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Autism's False Prophets: Bad Science, Risky Medicine, and the Search for a Cure

Friday October 2008


Paul A. Offit, M.D. Chief of Infectious Diseases and Director of the Vaccine Education Center at the Children’s Hospital of Philadelphia; Maurice R. Hilleman Professor of Vaccinology and Professor of Pediatrics, University of Pennsylvania School of Medicine

Parents with autistic children struggle to understand a disease that seemingly strikes out of nowhere and for which modern medicine has no effective treatments. For decades, a cadre of false prophets has played on parents’ hopes and fears by offering bad science to explain the disease and snake oil cures to treat it.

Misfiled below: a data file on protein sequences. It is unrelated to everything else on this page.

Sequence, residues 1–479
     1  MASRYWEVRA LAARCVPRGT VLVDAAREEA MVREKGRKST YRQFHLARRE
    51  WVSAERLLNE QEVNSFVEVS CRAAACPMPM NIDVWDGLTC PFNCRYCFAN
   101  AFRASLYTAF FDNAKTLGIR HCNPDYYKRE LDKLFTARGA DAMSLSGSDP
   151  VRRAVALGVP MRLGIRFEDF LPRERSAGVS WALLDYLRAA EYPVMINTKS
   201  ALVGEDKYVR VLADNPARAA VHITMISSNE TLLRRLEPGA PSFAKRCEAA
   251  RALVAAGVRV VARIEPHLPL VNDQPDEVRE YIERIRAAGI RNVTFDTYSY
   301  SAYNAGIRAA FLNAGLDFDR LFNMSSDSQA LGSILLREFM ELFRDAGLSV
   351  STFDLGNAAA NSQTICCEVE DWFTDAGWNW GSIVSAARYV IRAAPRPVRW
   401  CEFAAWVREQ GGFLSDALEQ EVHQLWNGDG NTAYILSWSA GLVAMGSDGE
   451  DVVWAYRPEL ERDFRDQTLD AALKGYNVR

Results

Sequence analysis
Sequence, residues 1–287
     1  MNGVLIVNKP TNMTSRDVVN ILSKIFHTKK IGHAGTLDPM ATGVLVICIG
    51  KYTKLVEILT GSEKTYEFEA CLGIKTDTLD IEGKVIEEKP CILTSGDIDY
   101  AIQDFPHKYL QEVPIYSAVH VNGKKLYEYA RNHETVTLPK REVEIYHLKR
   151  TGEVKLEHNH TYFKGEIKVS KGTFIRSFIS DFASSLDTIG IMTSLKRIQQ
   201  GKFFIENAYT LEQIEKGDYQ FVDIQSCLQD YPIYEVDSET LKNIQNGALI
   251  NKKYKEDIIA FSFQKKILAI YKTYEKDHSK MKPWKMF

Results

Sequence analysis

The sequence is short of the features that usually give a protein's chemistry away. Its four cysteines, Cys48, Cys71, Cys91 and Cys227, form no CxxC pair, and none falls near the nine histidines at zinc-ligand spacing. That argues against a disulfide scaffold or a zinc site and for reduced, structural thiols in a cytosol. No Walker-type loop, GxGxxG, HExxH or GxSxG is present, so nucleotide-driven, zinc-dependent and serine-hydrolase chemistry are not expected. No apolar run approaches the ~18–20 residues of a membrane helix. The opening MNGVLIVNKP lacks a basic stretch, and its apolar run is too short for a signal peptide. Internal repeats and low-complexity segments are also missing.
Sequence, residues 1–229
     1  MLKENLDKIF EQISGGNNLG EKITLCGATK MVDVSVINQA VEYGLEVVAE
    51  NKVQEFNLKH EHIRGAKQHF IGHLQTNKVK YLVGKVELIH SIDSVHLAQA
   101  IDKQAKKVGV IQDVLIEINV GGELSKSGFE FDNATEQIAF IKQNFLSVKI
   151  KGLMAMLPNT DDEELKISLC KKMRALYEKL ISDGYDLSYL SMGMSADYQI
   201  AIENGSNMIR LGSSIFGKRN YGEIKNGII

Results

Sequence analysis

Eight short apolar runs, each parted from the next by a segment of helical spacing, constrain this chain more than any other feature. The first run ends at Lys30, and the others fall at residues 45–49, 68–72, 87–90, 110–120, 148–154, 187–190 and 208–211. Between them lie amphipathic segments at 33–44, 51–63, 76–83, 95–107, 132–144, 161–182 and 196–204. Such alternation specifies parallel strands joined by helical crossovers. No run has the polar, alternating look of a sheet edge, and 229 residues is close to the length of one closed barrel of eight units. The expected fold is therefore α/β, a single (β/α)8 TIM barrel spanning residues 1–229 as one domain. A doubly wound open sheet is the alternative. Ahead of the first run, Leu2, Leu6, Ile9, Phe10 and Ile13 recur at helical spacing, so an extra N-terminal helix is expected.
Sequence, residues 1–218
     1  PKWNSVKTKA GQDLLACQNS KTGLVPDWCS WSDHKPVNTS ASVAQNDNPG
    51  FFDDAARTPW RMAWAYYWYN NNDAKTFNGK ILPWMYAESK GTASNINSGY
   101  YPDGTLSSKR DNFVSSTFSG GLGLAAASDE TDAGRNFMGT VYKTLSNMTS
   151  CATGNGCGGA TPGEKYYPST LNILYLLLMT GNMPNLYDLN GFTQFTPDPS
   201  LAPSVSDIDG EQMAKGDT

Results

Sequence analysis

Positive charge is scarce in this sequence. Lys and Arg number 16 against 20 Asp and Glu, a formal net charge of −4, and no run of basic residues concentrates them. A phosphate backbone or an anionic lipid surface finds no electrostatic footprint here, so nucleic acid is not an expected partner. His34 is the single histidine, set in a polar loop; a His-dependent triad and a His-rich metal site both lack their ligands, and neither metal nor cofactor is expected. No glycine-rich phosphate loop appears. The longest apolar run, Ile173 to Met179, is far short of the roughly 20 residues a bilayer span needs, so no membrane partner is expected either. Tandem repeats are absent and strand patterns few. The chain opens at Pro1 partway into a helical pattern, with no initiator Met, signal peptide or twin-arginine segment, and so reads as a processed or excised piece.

This sad history got even worse in 1998, when a London researcher asserted that the combination measles-mumps-rubella vaccine caused autism. Building on this “discovery” a handful of parents declared that a mercury-containing preservative in several vaccines was responsible for the disease.

Although the claim was later thoroughly discredited, it led to even worse treatments: children with autism were placed on radical diets, immersed in high-temperature saunas, and asked to swallow everything from enzymes to activated charcoal. Some of these treatments, although useless, were at least harmless. Others hurt, or even killed, the children they were supposed to help. Thousands of parents, alarmed by media reports, withheld vaccinations from their children. Lacking protection from routine childhood diseases, some of these children later became ill—and some died needlessly.